This week marks World Mosquito Day. Why have a special day for the mosquito you may ask? It commemorates Sir Ronald Ross’ discovery in 1897 that female mosquitos transmit malaria between humans. It’s also a day to recall that the mosquito is still the animal that kills the most humans. No other animal comes even close.
Malaria may have killed the most people in history. More than any other disease. More than all wars combined. And more than every natural disaster. It used to wreak havoc here too. Just a few years ago, malaria was endemic everywhere in Indonesia. On every island and in every city and village. But something astonishing has happened.
In the last 10 years, malaria cases in Indonesia have dropped by almost half and the number of deaths attributed to the disease has plummeted. Today, over 70 percent of people in Indonesia live in areas that have been certified as free from malaria by the Health Ministry. For the first time in history, we can imagine a future completely free from the disease.
Who are the unsung heroes behind this success? As is often the case for difficult problems, it takes a village. Many different actors came together in a broad partnership — the government, NGOs, communities, the World Health Organization, philanthropic donors, and international funders of malaria programs — to take control of malaria. In 2015, President Joko “Jokowi” Widodo endorsed the Asia Pacific Leaders Malaria Alliance road map to eliminate the disease by 2030.
Although we have made great progress, we still have a long way to go. And the last mile may be the toughest one.
In Indonesia’s eastern provinces, especially Papua, malaria is still a severe public health problem. Poverty and poor access to health care continue nurturing malaria. To eliminate the disease here, we must continue the fight against the parasite with time-tested tools like insecticide treated bed nets, rapid diagnostic tests and medicines.
We also need to do more with the private sector. Indonesia is home to world-class businesses with resources, skills, networks and reach. Most importantly, many of them are genuinely committed to the communities where they operate. But to fully leverage the might of the private sector, we need to engage businesses as true partners. And we need an initiative that can unite the most progressive businesses, consumers and health organizations, under one umbrella.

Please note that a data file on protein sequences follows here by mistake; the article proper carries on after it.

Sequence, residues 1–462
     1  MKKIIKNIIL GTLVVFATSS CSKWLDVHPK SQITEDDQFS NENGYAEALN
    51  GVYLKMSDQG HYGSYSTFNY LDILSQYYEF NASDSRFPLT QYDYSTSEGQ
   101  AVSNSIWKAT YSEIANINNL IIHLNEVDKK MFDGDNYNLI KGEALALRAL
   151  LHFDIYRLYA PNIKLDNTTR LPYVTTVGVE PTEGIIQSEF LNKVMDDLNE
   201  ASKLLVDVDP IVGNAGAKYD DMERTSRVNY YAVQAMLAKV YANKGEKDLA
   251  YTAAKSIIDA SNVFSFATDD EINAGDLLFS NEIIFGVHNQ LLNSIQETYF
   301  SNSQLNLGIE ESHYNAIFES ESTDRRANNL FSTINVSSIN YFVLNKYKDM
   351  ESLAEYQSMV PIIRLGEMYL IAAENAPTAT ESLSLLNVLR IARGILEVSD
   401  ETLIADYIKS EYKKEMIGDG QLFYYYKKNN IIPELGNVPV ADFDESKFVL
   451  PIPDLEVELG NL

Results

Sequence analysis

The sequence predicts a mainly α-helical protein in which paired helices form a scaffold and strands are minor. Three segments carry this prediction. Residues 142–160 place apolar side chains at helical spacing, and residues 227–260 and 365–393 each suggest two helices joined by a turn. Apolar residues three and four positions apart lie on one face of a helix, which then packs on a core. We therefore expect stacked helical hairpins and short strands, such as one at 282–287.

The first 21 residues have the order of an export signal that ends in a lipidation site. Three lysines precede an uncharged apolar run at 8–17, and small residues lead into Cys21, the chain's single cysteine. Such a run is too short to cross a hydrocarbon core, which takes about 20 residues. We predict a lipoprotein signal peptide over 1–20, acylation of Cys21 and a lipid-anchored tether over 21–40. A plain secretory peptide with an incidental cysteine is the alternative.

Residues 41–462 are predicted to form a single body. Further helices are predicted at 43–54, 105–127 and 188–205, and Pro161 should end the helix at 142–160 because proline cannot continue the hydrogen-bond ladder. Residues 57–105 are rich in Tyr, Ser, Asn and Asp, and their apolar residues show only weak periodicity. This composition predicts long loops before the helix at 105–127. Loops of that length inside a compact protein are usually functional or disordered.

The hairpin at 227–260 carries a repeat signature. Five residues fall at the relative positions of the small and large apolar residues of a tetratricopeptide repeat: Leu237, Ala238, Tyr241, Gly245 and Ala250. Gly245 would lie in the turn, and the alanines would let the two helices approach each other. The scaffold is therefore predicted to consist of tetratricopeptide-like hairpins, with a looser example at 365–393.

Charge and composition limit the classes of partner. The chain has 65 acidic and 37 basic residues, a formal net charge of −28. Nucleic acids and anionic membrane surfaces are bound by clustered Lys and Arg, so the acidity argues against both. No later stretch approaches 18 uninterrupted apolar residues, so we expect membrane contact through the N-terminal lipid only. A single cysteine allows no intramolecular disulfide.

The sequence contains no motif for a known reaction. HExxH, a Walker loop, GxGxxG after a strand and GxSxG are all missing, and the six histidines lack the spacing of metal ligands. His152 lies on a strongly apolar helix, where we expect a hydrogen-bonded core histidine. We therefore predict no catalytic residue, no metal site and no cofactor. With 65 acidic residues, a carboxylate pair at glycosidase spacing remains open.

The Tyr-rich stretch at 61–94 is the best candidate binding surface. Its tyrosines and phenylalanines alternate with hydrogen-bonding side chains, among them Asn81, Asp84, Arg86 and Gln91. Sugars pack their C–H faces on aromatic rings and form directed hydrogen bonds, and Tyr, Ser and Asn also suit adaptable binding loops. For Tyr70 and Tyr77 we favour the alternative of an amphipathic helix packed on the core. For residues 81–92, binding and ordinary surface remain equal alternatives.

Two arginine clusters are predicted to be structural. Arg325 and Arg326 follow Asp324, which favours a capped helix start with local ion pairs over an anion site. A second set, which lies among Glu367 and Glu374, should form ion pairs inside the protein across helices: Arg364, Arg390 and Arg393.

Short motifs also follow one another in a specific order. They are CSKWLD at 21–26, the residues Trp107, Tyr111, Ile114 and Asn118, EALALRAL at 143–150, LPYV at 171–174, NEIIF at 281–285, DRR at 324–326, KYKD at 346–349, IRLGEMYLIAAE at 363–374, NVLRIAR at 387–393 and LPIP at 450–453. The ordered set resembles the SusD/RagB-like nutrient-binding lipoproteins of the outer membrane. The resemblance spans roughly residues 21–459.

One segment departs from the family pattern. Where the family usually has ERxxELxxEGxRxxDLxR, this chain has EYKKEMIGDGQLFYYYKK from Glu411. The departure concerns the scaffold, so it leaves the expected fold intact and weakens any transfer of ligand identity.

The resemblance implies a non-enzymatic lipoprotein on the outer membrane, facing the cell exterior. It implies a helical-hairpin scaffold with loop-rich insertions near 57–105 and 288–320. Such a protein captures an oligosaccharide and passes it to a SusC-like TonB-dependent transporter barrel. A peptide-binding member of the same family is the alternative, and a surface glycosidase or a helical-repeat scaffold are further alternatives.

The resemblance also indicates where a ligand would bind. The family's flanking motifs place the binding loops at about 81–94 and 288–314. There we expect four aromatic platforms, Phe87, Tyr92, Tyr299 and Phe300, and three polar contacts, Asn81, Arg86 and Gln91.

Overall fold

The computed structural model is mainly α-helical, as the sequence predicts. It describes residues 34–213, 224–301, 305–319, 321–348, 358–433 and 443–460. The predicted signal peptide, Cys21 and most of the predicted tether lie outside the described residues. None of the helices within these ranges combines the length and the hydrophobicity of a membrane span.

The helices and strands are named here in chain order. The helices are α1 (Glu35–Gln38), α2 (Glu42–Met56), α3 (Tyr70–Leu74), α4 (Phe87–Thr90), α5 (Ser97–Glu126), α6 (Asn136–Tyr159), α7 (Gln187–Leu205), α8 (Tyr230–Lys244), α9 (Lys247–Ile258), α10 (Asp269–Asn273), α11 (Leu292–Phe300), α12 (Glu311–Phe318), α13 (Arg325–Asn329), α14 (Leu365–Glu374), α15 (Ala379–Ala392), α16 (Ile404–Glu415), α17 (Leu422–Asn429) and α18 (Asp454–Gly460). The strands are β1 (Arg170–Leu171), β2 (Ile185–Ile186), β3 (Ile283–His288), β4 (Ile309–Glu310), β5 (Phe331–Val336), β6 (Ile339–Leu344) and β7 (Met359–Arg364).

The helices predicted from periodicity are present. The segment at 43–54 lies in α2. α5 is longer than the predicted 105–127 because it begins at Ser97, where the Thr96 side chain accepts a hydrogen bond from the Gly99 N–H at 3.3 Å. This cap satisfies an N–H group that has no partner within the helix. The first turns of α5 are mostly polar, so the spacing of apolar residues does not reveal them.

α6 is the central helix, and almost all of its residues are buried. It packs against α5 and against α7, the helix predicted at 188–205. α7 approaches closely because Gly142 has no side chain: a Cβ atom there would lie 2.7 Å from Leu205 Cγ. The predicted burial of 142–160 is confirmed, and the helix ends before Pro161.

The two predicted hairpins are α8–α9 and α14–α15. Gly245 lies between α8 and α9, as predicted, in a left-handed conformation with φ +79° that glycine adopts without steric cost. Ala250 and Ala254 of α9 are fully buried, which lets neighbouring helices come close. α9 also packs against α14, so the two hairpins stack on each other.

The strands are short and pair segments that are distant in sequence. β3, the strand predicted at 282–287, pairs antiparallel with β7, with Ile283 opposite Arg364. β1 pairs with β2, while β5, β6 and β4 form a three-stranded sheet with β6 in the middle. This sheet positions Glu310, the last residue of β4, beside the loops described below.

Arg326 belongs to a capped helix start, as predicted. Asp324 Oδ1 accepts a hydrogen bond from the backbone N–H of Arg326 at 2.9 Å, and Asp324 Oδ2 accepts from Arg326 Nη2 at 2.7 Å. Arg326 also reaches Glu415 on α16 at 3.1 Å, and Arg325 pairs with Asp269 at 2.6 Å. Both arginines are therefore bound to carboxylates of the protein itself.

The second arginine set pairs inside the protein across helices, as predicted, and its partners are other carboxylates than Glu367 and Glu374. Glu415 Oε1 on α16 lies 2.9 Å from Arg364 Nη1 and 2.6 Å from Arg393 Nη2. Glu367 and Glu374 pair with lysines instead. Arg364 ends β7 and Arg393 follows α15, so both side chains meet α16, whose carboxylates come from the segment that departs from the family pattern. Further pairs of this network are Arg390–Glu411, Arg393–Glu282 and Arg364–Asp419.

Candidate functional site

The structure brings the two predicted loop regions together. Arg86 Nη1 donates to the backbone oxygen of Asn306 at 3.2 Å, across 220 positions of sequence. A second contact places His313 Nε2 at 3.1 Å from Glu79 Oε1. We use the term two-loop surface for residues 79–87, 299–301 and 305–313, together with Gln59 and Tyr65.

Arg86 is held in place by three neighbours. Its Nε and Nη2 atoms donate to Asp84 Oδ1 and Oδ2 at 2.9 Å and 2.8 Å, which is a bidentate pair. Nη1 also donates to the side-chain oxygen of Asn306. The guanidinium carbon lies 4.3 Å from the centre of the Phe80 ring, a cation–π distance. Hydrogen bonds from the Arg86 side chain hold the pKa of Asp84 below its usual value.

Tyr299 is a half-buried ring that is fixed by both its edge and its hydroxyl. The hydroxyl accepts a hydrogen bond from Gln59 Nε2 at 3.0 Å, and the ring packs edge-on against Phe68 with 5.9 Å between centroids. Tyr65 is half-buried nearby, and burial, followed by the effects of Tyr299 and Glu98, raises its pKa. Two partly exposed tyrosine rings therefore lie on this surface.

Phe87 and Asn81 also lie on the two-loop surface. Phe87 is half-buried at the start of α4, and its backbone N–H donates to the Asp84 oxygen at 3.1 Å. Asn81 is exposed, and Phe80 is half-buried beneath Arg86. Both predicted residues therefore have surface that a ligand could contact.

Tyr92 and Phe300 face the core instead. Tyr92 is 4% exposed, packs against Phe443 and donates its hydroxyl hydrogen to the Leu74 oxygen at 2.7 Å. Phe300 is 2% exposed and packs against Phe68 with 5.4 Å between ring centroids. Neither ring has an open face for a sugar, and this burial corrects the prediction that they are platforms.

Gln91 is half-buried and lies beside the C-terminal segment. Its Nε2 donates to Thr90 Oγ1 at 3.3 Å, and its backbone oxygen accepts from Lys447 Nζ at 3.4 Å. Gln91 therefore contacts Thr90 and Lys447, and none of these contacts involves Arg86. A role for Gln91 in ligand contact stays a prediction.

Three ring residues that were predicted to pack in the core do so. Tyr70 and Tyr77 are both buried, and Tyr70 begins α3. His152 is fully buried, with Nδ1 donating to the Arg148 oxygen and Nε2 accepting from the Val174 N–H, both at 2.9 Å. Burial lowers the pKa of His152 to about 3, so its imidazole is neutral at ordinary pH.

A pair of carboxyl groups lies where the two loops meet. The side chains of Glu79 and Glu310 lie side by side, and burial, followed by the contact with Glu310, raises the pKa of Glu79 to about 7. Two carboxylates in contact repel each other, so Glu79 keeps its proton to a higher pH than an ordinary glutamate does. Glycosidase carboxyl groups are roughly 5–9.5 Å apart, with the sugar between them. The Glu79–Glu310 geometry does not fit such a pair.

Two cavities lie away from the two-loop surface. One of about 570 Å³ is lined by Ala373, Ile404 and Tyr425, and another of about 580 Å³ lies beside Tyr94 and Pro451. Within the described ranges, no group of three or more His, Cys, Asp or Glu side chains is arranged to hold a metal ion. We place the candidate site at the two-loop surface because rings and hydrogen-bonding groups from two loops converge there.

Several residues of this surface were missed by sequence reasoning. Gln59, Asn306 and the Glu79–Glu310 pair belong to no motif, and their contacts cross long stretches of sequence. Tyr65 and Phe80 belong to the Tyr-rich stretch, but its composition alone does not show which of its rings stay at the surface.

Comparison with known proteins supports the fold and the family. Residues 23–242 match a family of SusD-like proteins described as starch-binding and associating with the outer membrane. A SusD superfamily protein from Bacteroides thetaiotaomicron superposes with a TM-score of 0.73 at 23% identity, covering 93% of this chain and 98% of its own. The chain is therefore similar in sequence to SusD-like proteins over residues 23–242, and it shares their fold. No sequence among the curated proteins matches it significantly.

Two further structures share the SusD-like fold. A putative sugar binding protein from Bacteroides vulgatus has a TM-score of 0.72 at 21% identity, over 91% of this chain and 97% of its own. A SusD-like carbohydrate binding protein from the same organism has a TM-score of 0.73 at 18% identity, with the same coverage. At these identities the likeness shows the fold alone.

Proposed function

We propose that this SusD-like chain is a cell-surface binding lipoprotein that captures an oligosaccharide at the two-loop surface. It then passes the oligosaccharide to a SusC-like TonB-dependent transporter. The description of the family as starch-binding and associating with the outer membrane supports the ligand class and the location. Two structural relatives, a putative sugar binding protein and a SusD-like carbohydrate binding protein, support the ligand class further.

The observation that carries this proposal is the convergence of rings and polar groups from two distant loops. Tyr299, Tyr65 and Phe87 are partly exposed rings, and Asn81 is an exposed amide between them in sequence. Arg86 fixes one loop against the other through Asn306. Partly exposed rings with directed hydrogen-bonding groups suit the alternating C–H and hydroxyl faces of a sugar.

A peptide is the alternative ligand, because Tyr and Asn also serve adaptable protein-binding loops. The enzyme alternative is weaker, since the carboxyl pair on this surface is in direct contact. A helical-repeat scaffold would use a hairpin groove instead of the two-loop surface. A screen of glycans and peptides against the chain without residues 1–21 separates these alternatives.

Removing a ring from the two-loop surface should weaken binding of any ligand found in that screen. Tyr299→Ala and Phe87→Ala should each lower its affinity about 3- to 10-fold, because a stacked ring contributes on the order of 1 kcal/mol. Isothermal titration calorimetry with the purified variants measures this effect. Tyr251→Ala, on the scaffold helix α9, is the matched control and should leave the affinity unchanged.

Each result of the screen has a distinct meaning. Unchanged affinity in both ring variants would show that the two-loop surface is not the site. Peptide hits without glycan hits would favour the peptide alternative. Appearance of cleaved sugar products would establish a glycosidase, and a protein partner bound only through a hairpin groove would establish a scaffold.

That’s why we launched M2030 in Indonesia on Aug. 22. M2030 is both a movement and a brand. M2030 businesses use the brand for campaigns or for branding select products and services. In return, they pledge funds to fight malaria in the countries where the money was raised.
The inaugural M2030 business partners in Indonesia are Mayapada Healthcare, JD.id, and Sompo Insurance. And we expect that many more will follow. In the future, these M2030 partners will launch their own campaigns to raise awareness and funds for malaria programs in Indonesia.
By 2030, Indonesia could be malaria-free. But the closer we get to ending the disease, the harder it will get to attract resources, attention and tools. With M2030, we and our partners will keep the spotlight on malaria, and remind all of us that the fight is not yet over.
Jonathan Tahir is cochair of the Tahir Foundation, deputy chairman of Mayapada Group, chairman of Mayapada Healthcare, chairman of Forbes Indonesia and MYP Ltd. Patrik Silborn is head of external relations at the Asia Pacific Leaders Malaria Alliance (APLMA) and cofounder and board director of M2030.
Disclaimer: The opinions expressed in this article are those of the author and do not reflect the official stance of The Jakarta Post.